ChristianaCare

All visitors are required to wear masks.

For COVID-19 safety, all visitors to ChristianaCare facilities and services are required to wear masks. This includes visitors who are vaccinated. Please read our visitor guidelines before arrival.

Masks required at outpatient locations; visitors and support persons limited

All visitors at outpatient locations must be masked in alignment with the masking guidelines on our visitation policy page here. Patients at ChristianaCare’s outpatient services are advised to come to their appointments alone unless a support person is absolutely needed. If a support person is needed, such as a parent, guardian or spokesperson, we highly encourage that the support person be vaccinated. Outpatient practices are not requiring vaccination or a negative COVID test for visitors at this time.

All hospital visitors required to be vaccinated or have a negative COVID-19 test.

  • Inpatients in our Christiana, Wilmington and Union hospitals may have one visitor daily between 10 a.m. and 8 p.m. The visitor must be 16 or older.
  • Patients having outpatient surgery may have one support person accompany them. Support persons must be 16 or older.
  • All visitors and surgical support people must show proof of vaccination OR a negative COVID-19 test within the prior 72 hours.

Before visiting, click here for more details about visitation.

Visit coronavirus.delaware.gov or cecilcountyhealth.org for local vaccination and testing sites.

ChristianaCare Neurosciences

Stroke Warning Signs

If you experience any of these symptoms, do not delay. Call 911 immediately!

Warning signs of a stroke are clues that your brain is not getting enough oxygen. You and your family should learn these warning signs. You could have only one, or you may have several. They may last only a few minutes. You can help lower your risk of death or disability by knowing these warning signs.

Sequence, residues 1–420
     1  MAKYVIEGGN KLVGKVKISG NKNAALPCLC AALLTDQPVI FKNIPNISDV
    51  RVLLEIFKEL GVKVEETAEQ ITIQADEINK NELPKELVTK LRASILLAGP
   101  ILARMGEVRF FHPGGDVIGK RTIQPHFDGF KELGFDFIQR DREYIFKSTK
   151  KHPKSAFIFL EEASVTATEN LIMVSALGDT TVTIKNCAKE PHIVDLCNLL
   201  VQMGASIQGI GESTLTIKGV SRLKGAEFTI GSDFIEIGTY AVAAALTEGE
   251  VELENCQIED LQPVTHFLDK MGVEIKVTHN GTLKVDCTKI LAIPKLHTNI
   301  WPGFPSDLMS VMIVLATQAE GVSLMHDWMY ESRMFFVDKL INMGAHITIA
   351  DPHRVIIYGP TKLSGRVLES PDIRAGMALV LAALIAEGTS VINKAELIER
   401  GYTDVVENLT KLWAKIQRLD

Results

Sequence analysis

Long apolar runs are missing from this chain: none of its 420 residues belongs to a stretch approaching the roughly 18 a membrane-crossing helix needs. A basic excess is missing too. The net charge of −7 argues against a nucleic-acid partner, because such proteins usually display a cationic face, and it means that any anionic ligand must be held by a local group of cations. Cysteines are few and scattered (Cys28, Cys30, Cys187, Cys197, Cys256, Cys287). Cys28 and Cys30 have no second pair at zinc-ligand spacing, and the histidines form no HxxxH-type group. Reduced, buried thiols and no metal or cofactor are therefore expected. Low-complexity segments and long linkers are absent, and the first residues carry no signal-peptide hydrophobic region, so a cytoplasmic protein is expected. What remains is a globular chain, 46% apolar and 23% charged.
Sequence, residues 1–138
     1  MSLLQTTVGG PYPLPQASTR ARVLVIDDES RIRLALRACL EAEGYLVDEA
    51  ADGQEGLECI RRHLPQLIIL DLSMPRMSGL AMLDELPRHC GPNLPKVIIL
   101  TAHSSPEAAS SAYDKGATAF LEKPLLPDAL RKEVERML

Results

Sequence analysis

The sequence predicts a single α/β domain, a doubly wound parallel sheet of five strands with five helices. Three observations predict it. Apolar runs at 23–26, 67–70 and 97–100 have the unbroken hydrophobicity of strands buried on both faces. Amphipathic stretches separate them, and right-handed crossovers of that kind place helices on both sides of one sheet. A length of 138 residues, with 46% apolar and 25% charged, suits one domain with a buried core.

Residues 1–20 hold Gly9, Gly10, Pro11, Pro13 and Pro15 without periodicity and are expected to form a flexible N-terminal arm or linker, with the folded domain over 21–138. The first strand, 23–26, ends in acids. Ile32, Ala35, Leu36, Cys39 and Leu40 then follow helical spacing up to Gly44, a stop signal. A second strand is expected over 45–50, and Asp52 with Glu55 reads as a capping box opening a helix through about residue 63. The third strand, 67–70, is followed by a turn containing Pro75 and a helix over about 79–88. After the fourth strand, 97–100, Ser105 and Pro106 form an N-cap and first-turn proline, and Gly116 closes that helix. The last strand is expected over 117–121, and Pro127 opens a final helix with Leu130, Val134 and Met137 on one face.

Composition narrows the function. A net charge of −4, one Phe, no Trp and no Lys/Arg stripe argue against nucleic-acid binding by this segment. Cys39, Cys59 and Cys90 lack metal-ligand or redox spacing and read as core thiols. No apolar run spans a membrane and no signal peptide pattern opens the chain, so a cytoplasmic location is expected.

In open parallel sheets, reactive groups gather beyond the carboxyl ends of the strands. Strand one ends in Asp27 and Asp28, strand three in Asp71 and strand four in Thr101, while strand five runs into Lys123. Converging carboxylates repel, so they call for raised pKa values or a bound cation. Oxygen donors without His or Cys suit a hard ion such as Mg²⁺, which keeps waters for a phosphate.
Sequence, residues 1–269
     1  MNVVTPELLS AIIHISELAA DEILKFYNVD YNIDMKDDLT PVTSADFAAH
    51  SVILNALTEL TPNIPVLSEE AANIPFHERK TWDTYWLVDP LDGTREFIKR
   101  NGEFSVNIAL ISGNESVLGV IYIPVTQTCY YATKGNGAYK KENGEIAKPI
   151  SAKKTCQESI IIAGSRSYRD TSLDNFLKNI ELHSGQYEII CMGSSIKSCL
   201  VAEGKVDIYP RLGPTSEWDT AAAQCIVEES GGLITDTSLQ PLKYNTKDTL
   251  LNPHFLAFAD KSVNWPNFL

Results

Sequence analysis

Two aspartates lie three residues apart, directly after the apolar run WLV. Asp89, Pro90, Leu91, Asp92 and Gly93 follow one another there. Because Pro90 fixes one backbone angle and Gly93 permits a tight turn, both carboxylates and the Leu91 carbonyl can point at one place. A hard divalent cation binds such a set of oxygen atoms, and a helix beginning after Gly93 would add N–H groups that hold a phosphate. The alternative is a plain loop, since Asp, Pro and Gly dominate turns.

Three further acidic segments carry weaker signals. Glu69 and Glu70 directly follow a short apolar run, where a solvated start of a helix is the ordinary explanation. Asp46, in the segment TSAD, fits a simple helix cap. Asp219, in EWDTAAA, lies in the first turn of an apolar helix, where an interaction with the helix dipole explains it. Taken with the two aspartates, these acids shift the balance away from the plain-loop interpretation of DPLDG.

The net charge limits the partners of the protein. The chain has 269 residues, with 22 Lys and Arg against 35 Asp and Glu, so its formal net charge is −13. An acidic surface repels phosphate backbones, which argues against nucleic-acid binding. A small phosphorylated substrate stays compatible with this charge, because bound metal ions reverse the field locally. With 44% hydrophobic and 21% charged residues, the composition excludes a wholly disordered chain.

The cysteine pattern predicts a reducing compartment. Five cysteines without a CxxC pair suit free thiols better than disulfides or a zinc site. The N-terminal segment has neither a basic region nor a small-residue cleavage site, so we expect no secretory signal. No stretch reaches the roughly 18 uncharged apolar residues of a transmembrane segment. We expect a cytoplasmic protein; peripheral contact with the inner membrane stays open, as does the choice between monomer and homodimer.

Warning signs of a stroke:

  • Sudden weakness, numbness or paralysis of the face, hand, arm or leg on one side of the body.
  • Sudden trouble seeing in one or both eyes.
  • Sudden confusion, slurred speech, trouble speaking or trouble understanding others.
  • Sudden trouble walking, dizziness, loss of balance.
  • Sudden severe headache with no known cause.

If you suspect a stroke do the FAST test to recognize the symptoms:

  • Face: Does the face look uneven? Ask the person to smile.
  • Arm: Does the arm drift down? Ask the person to raise both arms.
  • Speech: Does his or her speech sound strange? Ask the person to repeat a simple phrase.
  • Time: If you observe any of these signs, then it’s time to call 911.

Time lost is brain lost; with every minute that goes by, brain cells die. There are treatments which can be started in the hospital to open up a blocked artery in the brain but they need to be started as soon as possible. One is a medication called alteplase, but it can only be given within a few hours of the start of stroke symptoms. There are other treatments including emergency surgeries to open up blocked blood vessels; these treatments must be started as soon as possible as well.